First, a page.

Making spirits really bright
Cocktails to ornament your holidays
By Linda A. Odum email@example.com
A popular way to celebrate the holidays is to share a glass of cheer with friends and family.
Manager Nichole Mutton and her staff at the New Hampshire State Liquor Store on the northbound side of Interstate 93 in Hooksett had many helpful suggestions for gifts and drinks.
“Most of the gift packs have special holiday spirits and mixers,” Mutton said. “Most people look to the higher-end, more expensive scotches and bourbons for gifts, but with the high gas prices, a lot of people are looking for less expensive alternatives this year.”
For that holiday standard — eggnog — the staff suggested rums and bourbons.
“Old-timers like brandy,” Mutton said. Kahlua, Bailey’s Irish Cream, and peppermint or cinnamon schnapps make tasty additions to both eggnog and hot chocolate. Mutton also recommended adding Captain Morgan spiced rum to a mug of hot apple cider.
Bailey’s, Kahlua and vodka are the most popular liquors at this time of year, but Mutton also pointed out a few unique bottles that fit into the holiday spirit. Cabin Fever is maple-flavored liqueur produced by Custom Spirits in Chester. Oak-barrel aging makes this a smooth beverage with slight caramel and butterscotch undertones.
Flag Hill Winery and Distillery in Lee also offers a sugar maple liqueur, made by mixing New Hampshire maple syrup with the company’s General John Stark vodka and other neutral spirits. They also produce a cranberry liqueur made in much the same way, except with Massachusetts cranberries instead of maple syrup. (Cranberries are also used to make their apple cranberry fruit wine.)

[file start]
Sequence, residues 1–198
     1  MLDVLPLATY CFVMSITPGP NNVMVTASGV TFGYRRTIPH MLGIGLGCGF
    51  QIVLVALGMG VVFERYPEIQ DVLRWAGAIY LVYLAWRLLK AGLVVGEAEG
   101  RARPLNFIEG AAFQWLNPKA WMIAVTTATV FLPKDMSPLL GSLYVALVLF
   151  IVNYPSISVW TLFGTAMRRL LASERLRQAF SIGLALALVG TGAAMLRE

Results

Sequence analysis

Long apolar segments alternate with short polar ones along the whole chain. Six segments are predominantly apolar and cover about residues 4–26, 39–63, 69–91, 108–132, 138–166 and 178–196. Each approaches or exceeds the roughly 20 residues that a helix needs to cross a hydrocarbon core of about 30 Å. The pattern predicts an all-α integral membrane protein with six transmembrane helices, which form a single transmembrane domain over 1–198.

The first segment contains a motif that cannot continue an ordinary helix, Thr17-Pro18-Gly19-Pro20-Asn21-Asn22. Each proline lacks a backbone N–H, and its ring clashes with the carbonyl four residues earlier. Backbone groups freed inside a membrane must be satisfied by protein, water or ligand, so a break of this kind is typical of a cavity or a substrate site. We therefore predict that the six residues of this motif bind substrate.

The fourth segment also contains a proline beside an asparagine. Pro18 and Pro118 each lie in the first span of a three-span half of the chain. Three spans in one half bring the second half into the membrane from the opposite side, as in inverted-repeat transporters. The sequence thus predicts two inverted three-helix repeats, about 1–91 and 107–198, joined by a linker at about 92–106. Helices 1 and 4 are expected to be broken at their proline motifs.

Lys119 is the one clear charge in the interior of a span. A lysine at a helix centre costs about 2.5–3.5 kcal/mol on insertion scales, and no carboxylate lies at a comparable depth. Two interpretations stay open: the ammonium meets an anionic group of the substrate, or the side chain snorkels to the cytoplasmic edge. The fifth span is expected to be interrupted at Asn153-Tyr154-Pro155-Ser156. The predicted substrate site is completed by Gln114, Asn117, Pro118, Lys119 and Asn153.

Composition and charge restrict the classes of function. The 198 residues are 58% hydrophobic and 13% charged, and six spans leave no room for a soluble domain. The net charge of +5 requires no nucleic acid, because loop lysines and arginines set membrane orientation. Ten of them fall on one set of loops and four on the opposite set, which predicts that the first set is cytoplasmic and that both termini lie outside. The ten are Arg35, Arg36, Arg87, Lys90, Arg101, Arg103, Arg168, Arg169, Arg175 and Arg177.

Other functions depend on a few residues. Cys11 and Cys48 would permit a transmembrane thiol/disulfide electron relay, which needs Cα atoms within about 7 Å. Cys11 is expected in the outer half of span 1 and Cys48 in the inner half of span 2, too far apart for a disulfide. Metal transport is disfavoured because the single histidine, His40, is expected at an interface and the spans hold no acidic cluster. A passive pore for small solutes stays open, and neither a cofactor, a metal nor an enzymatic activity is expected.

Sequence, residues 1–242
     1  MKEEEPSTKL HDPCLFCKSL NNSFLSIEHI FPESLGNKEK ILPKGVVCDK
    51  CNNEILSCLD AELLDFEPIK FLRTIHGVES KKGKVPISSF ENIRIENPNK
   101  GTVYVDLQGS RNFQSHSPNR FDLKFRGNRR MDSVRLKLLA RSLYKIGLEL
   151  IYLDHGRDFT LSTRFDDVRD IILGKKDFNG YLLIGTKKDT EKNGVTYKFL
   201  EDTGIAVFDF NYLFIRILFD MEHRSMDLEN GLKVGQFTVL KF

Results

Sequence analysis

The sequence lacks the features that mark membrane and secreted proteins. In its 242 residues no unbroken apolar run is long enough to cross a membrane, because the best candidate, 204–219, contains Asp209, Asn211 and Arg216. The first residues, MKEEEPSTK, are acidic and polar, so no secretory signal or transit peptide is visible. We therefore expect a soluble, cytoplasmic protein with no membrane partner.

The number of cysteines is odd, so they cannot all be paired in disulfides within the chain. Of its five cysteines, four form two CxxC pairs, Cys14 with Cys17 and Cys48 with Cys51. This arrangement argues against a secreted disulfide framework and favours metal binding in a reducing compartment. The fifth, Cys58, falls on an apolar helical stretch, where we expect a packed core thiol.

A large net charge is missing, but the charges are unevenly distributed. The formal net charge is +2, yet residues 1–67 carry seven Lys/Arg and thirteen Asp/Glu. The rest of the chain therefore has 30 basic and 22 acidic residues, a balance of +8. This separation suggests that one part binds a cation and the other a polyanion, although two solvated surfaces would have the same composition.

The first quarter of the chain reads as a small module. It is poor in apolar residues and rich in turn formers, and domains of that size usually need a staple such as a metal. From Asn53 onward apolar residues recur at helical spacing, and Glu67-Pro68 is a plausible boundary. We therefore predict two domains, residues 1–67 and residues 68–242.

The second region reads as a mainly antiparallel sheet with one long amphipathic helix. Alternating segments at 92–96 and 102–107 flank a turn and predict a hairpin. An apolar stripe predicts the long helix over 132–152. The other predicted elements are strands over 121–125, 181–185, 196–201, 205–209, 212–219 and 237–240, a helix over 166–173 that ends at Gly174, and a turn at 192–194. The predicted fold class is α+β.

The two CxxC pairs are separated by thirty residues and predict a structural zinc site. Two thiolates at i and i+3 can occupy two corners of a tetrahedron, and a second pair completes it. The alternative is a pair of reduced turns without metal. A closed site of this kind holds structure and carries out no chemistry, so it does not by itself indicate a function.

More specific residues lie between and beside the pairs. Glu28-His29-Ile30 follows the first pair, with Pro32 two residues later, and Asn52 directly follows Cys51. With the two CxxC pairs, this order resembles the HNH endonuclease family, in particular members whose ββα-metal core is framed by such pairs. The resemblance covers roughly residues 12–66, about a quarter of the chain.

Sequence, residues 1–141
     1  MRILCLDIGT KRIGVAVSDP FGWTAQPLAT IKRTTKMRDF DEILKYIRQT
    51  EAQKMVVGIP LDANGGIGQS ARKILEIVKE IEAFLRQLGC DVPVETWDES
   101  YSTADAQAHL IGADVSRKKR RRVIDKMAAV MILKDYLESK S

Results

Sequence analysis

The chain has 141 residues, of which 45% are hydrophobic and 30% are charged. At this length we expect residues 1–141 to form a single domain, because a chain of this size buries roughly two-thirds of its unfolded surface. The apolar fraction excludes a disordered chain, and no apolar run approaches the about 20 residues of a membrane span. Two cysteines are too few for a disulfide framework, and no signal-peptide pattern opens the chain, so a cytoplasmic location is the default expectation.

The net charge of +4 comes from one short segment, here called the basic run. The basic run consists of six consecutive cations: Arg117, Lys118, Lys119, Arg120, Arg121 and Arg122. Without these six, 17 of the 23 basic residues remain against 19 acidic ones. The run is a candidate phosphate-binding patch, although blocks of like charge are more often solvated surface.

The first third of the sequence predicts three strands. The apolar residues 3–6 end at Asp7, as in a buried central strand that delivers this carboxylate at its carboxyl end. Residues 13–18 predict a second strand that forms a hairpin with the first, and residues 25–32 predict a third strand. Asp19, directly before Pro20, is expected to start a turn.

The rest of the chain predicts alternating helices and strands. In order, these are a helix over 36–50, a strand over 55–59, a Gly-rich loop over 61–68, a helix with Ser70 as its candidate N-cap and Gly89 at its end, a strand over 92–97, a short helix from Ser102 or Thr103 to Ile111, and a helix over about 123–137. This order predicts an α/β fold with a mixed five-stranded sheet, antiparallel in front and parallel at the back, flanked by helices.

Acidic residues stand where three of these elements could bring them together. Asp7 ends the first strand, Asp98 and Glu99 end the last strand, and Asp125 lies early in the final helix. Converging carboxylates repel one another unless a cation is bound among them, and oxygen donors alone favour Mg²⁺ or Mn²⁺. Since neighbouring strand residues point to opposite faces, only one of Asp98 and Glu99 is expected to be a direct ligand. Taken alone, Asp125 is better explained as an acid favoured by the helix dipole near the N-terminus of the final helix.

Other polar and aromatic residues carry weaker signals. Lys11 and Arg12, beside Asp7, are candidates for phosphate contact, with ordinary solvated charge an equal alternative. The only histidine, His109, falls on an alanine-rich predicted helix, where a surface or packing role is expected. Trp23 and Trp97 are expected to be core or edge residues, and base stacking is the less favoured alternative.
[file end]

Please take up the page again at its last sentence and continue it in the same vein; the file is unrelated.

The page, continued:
Another seasonal fruit, the pomegranate, is making an appearance in liqueurs. One brand, PAMA, is made with pomegranate juice, vodka and a little tequila. Both the pomegranate and cranberry liqueurs can be used to make cosmopolitans, martinis, and most drinks that call for some type of fruit juice.
For wine lovers, Keith Dickey, owner of Butter’s Fine Food and Wine in Concord, had some special holiday suggestions. First is the classic paring of port and stilton cheese. He recommends Burmester Jockey Club tawny port, which comes packaged for gift-giving.
Dickey also pointed out the Castellare vin santo, a Tuscan dessert wine. Italians like to dip biscotti into this sweet, honey-like drink after a meal. For a little pizzazz, he recommended a Moscato d’Asti from Italy, which is a sparkling sweet dessert wine containing only five percent alcohol.
“It is not going to knock you over,” he said. “It’s clean, light, crisp and refreshing.”
Instead of traditional champagne, Dickey suggested a Spanish cava from the Codorniu estate. Pinot noir grapes give this wine a festive pink color. The winery recommends serving it as an aperitif, or with salmon, poultry, raspberries and black currants.
For a white wine, try Hopler gruner veltliner, made with Austira’s most widely planted grape.
“It has a bigger, brighter flavor than most white wines,” said Dickey. He suggests pairing it with cheeses, lighter pasta dishes or fish.
If red wine is called for, Dickey likes the Atteca garnacha from Spain.
“It has a richer, meatier, bolder flavor than most,” he said. “It would go well with any kind of roasted meat, steak, pork, lamb, and tomato-based pasta dishes.”